Tied to the Rails: US Chamber President Tom Donohue and Union Pacific (part II)

Last week I raised questions about US Chamber of Commerce President Tom Donohue's potential conflict of interest on the subject of climate change because of his ties to giant coal transporter Union Pacific Railroad (UNP), which opposed the American Clean Energy and Security (ACES) Act.

E&E's Christa Marshall wrote an excellent in-depth piece on this, and the story was also reported by the National Journal, Mother Jones and Climate Progress.

But this also got me thinking. Union Pacific owns a joint rail line with BNSF. The two railroads transport coal for Peabody Energy, Arch Coal and other coal companies.

Since a significant portion of Union Pacific's revenues are hauling coal, Union Pacific board members - who have fiduciary responsibility for the company - also have to concern themselves with the financial well-being of the coal companies that are Union Pacific's customers. And Union Pacific's partnership with BNSF on the Joint Line connects at least some of the two company's interests together, since it is also in BNSF's interests to keep the coal rolling. According to E&E News, BNSF earned $4 billion on the joint line last year - about 22% of the company's total revenue.

Which ties Mr. Donohue pretty clearly to the rails that carry US coal, and the cargo riding on those rails. Which is no small tie.

The combined market capitalization of these companies is $73.5 billion (Union Pacific: $31.1 billion (ticker symbol UNP); BNSF: $28.2 billion (BNI); Peabody: $10.5 billion (BTU); and Arch Coal $3.6 billion (ACI).)

The combined lobby power of these railroad and mining companies is also significant, with nearly $6.6 million spent on lobbying during the first half of 2009, including (but not limited to) lobbying on climate. (Source: Senate public disclosure website; counting only disclosure reports that listed climate legislation.) This doesn't count whatever lobbying is done on behalf of these interests through membership groups or trade associations.

Naturally, it is difficult to say what exact effect Donohue's ties to UP, and by extension, these other interests, have on US Chamber policy. It would be egregious indeed if Mr. Donohue were to use his position as President and CEO of the US Chamber to position the Chamber to advance the interests of Union Pacific, over the interests of the other members of the Chamber.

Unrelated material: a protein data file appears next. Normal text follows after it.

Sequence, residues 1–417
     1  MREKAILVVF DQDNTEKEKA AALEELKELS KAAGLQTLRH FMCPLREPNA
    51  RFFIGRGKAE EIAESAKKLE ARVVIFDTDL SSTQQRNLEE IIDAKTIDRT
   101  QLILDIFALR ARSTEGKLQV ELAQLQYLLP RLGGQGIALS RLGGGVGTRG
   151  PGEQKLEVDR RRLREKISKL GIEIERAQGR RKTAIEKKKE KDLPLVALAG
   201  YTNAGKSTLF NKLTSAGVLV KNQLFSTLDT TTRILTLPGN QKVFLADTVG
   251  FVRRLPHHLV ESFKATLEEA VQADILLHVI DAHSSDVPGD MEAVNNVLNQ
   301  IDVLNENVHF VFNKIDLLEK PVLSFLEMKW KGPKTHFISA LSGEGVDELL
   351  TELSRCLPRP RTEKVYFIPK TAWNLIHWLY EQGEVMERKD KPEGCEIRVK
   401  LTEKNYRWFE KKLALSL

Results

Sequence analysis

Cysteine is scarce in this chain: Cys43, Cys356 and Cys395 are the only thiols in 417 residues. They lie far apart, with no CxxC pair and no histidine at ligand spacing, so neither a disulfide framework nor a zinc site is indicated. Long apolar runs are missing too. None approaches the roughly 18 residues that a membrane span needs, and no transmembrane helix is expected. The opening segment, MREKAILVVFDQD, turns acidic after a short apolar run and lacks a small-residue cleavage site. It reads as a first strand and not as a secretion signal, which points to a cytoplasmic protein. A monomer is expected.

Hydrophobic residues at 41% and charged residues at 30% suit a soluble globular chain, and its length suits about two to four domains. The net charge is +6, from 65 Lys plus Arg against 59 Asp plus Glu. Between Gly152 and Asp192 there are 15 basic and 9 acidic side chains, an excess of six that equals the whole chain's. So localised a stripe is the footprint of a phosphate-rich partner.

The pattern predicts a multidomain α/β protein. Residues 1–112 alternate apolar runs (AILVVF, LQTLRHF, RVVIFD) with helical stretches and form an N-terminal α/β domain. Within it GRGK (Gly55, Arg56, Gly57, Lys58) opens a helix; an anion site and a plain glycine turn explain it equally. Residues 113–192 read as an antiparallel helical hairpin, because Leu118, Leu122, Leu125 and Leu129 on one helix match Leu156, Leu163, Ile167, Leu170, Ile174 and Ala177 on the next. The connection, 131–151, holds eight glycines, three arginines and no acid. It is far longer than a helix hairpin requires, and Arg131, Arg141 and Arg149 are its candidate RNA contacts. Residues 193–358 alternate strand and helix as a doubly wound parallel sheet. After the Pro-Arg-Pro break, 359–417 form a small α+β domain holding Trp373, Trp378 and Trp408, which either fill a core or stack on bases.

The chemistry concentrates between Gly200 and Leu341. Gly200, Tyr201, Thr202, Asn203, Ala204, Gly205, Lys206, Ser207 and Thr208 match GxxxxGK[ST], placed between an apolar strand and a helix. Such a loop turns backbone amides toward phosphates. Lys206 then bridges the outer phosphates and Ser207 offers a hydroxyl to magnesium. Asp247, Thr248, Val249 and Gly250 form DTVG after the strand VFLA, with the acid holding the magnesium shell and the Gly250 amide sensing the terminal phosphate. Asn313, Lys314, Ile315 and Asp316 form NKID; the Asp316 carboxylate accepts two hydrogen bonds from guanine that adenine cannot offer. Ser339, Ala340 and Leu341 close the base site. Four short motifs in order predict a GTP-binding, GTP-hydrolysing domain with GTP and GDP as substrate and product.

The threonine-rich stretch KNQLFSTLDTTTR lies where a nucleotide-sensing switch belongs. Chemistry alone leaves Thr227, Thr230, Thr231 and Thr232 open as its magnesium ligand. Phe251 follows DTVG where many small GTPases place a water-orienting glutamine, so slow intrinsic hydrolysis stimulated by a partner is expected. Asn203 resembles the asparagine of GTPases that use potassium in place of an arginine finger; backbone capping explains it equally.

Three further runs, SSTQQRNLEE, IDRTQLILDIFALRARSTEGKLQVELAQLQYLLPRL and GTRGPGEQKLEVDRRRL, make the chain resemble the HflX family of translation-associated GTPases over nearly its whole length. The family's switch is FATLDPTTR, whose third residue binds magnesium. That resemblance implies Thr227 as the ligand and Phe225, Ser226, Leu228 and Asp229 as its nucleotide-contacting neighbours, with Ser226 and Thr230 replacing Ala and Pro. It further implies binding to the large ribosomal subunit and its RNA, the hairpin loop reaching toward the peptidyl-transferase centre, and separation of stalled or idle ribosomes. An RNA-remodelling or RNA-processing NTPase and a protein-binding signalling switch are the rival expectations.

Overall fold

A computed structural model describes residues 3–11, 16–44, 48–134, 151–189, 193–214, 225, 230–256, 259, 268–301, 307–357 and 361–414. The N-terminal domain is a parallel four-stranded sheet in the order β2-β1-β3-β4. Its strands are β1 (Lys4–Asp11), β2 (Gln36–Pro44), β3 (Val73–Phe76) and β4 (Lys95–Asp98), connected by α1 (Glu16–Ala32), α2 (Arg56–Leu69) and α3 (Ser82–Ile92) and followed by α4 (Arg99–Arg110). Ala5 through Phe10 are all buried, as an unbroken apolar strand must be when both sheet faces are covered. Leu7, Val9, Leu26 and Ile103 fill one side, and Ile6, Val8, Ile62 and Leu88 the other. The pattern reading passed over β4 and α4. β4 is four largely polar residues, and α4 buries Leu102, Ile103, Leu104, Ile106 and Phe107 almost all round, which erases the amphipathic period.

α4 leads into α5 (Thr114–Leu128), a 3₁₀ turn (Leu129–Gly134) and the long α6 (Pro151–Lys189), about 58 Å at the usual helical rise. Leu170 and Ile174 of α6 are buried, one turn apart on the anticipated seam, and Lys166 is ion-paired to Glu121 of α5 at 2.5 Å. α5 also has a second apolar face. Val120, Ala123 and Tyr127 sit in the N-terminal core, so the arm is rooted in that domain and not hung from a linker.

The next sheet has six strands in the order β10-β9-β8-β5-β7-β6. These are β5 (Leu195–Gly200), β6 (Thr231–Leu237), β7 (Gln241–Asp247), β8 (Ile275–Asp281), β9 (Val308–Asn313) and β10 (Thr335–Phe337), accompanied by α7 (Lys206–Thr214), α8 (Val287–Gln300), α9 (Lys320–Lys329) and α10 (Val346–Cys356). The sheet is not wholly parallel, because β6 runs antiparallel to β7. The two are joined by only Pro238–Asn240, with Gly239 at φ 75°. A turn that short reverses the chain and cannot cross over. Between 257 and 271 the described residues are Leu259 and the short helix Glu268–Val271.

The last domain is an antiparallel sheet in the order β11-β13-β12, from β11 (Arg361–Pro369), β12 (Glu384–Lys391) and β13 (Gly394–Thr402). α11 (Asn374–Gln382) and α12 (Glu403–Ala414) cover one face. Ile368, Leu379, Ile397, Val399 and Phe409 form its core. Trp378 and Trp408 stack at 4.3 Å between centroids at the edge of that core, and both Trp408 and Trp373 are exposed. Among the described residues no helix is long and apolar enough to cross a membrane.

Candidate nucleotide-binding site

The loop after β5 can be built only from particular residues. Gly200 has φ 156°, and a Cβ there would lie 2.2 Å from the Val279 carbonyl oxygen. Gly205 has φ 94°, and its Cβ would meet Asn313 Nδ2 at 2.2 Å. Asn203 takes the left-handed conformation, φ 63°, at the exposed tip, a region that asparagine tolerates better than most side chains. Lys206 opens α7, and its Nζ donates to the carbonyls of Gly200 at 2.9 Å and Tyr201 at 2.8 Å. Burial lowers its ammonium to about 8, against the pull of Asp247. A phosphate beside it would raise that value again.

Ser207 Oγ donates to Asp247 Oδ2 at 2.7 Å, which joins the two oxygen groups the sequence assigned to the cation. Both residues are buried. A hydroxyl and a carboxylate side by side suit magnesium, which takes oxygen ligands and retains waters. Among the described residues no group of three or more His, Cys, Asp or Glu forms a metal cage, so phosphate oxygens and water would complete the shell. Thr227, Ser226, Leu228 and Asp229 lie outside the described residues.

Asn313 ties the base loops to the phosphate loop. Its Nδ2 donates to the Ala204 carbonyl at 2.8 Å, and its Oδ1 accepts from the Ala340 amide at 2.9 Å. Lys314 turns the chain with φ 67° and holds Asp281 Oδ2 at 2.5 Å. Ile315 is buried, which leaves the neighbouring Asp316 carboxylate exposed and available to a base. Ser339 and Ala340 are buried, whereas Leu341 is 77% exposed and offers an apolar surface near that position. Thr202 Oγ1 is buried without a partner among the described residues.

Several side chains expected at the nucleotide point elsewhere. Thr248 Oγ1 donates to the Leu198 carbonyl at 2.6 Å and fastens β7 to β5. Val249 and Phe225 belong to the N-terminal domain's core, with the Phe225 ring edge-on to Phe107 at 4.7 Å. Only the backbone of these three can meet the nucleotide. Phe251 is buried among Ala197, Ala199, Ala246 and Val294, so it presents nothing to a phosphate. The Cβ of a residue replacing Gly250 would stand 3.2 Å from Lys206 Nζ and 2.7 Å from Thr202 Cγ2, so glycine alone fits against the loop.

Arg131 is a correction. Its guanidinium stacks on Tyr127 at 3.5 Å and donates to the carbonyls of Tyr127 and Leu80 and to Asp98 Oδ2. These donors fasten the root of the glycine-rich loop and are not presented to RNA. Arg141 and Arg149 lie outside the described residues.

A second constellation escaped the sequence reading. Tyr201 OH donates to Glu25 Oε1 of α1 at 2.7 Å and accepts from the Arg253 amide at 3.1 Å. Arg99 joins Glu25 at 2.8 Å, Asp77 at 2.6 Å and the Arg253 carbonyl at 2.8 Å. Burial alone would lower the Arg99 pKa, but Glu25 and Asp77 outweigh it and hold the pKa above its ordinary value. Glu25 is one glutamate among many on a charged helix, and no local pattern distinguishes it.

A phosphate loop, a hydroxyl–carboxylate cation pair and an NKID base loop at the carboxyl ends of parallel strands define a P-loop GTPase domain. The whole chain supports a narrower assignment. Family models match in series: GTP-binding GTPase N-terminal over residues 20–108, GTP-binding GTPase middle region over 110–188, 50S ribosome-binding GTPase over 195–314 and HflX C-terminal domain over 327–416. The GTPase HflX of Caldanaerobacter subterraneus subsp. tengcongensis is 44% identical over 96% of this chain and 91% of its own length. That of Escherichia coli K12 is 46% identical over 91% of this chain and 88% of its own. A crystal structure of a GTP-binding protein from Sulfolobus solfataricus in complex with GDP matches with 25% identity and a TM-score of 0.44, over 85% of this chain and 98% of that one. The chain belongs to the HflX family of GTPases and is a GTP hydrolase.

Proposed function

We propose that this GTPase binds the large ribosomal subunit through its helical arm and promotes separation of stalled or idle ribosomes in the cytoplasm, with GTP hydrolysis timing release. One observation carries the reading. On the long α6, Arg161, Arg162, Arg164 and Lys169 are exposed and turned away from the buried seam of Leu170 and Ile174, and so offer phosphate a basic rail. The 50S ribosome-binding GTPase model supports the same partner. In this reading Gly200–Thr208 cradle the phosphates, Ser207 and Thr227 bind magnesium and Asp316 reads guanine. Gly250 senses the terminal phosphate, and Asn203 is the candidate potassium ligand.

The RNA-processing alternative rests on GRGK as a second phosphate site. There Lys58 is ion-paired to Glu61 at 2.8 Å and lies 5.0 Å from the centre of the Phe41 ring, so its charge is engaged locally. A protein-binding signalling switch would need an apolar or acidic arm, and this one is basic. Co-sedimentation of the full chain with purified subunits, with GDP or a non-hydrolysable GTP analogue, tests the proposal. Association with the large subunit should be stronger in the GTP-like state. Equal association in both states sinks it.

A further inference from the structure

But, it seems that the Union Pacific Code of Conduct for its directors - Mr. Donohue included - may require just that. As it states:

"Directors may not engage in any conduct or activities that are inconsistent with the Company's best interests or that disrupt or impair the Company's relationship with any person or entity with which the Company has or proposes to enter into a business or contractual relationship."  

Which seems to pretty clearly suggest that Mr. Donohue has been and would be barred from taking any position or action that UP doesn't consider in its interests - that is, unless Donohue's fellow board members have considered and waived the potential conflict.

If not, does this also mean that the Chairman and CEO of the US Chamber of Commerce - and thus by extension, the Chamber itself - is barred from any conduct or activities that are contrary to UP's interests?

In response to questions from E&E's Marshall, U.S. Chamber of Commerce spokesman Eric Wohlschlegel said, "All of the chamber's policy decisions go through our policy committees. It's a democratic process."

But that doesn't necessarily match up with perceptions of some US Chamber members. Johnson & Johnson raised concerns with the Chamber's position on climate in a now well-known letter to Chamber President Donohue in April of 2009, saying

"We recognize that Chamber members have varying perspectives on climate change legislation. We would appreciate if statements made by the Chamber would reflect the full range of views, especially those of Chamber members advocating for Congressional action. We are hopeful that a consensus can be reached that reflects the views of the range of Chamber members."

At that time, too, the Chamber's response suggested a democratic process, with Bill Kovacs, the Chambers' vp for the environment, technology and regulatory affairs, saying that a Chamber committee had just discussed climate legsilation for three hours and that "At the end of the debate, there were no members asking to change our policy."

Which as I pointed out at the time, was not how some of the Chambers' members saw it. As Roll Call then reported, a spokesperson with PNM Resources disputed the idea that members of the Chambers Energy and Environment committee had even had a debate, saying:  

"In my opinion it is inaccurate to call it a debate, and it is especially inaccurate to say that there was no call for changes to the policy when there were a number of members who stated the chamber policy did not represent their corporate position and they were therefore interested in how to change that policy."

Perhaps hearing some of those big corporate members urge the Chamber to change its position on climate policy would be contrary to the interests of Union Pacific. Given that a number of corporations are stuck with the Chambers' position, it looks like Mr. Donohue isn't the only one tied to the rails.